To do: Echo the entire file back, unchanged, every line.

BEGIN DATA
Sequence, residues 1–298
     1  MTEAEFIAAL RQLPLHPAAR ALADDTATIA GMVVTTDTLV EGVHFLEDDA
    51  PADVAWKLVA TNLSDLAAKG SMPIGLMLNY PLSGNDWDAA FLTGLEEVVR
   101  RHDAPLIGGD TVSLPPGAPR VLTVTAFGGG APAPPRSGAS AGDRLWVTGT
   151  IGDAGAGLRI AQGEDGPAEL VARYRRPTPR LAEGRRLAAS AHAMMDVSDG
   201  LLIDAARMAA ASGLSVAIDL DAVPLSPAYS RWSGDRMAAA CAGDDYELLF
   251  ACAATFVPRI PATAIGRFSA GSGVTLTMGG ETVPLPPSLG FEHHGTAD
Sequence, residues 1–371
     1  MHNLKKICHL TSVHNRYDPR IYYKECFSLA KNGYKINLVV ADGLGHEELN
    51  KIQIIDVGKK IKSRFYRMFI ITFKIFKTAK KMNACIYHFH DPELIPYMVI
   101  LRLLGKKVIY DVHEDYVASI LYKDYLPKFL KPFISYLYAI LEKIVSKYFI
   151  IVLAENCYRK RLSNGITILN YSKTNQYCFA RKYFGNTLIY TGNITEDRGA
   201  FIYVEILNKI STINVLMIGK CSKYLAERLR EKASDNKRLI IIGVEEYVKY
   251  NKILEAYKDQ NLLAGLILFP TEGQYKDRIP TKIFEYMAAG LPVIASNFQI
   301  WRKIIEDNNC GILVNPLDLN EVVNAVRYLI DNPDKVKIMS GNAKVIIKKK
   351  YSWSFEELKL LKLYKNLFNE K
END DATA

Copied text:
Sequence, residues 1–298
     1  MTEAEFIAAL RQLPLHPAAR ALADDTATIA GMVVTTDTLV EGVHFLEDDA
    51  PADVAWKLVA TNLSDLAAKG SMPIGLMLNY PLSGNDWDAA FLTGLEEVVR
   101  RHDAPLIGGD TVSLPPGAPR VLTVTAFGGG APAPPRSGAS AGDRLWVTGT
   151  IGDAGAGLRI AQGEDGPAEL VARYRRPTPR LAEGRRLAAS AHAMMDVSDG
   201  LLIDAARMAA ASGLSVAIDL DAVPLSPAYS RWSGDRMAAA CAGDDYELLF
   251  ACAATFVPRI PATAIGRFSA GSGVTLTMGG ETVPLPPSLG FEHHGTAD
Sequence, residues 1–371
     1  MHNLKKICHL TSVHNRYDPR IYYKECFSLA KNGYKINLVV ADGLGHEELN
    51  KIQIIDVGKK IKSRFYRMFI ITFKIFKTAK KMNACIYHFH DPELIPYMVI
   101  LRLLGKKVIY DVHEDYVASI LYKDYLPKFL KPFISYLYAI LEKIVSKYFI
   151  IVLAENCYRK RLSNGITILN YSKTNQYCFA RKYFGNTLIY TGNITEDRGA
   201  FIYVEILNKI STINVLMIGK CSKYLAERLR EKASDNKRLI IIGVEEYVKY
   251  NKILEAYKDQ NLLAGLILFP TEGQYKDRIP TKIFEYMAAG LPVIASNFQI
   301  WRKIIEDNNC GILVNPLDLN EVVNAVRYLI DNPDKVKIMS GNAKVIIKKK
   351  YSWSFEELKL LKLYKNLFNE K